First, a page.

This book traces the development of literary biography in the eighteenth century; how writers' melancholy was probed to explore the inner life. Case studies of a number of significant authors reveal the 1790s as a time of biographical experimentation. Reaction against philosophical biography led to a nineteenth-century taste for romanticized lives.
A man desperately tries to keep his pact with the Devil, a woman is imprisoned in an insane asylum by her husband because of religious differences, and, on the testimony of a mere stranger, “a London citizen” is sentenced to a private madhouse. This anthology of writings by mad and allegedly mad people is a comprehensive overview of the history of mental illness for the past five hundred years-from the viewpoint of the patients themselves. Dale Peterson has compiled twenty-seven selections dating from 1436 through 1976. He prefaces each excerpt with biographical information about the writer. Peterson's running commentary explains the national differences in mental health care and the historical changes that have take place in symptoms and treatment. He traces the development of the private madhouse system in England and the state-run asylum system in the United States. Included is the first comprehensive bibliography of writings by the mentally ill.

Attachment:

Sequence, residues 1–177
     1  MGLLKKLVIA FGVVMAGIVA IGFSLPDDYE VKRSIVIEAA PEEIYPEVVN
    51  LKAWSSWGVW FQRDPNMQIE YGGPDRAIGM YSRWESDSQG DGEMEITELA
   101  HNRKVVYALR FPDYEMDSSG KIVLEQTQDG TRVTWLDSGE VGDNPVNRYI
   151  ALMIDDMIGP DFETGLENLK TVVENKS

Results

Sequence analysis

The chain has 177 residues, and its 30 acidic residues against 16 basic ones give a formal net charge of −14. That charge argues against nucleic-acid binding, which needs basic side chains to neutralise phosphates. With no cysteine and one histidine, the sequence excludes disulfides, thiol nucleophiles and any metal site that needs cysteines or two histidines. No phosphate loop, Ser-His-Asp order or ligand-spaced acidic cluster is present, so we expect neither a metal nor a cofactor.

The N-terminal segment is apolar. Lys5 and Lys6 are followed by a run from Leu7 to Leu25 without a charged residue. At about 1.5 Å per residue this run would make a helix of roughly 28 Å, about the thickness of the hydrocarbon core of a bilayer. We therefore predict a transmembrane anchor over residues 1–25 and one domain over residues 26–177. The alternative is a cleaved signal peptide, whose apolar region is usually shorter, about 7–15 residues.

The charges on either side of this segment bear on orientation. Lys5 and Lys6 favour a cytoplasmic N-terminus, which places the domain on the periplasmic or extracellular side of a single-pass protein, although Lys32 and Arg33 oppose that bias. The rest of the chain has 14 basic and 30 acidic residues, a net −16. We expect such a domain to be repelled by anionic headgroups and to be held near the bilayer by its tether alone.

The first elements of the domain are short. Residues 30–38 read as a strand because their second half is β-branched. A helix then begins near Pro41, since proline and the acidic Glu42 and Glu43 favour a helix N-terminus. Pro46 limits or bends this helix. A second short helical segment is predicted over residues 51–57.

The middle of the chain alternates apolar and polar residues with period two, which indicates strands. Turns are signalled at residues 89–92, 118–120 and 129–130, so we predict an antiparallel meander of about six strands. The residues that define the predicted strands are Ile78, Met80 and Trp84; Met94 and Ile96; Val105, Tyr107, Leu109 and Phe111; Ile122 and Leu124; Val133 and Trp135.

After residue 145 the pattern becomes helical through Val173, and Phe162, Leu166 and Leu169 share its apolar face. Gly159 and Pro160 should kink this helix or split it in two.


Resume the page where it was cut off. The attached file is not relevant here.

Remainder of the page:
The author offers a look at depression, drawing on his own battle with the illness and interviews with fellow sufferers, researchers, and doctors to assess the disease's complexities, causes, symptoms, and available therapies.
More than fifty specialists have contributed to this new edition of volume 2 of The Cambridge Bibliography of English Literature. The design of the original work has established itself so firmly as a workable solution to the immense problems of analysis, articulation and coordination that it has been retained in all its essentials for the new edition. The task of the new contributors has been to revise and integrate the lists of 1940 and 1957, to add materials of the following decade, to correct and refine the bibliographical details already available, and to re-shape the whole according to a new series of conventions devised to give greater clarity and consistency to the entries.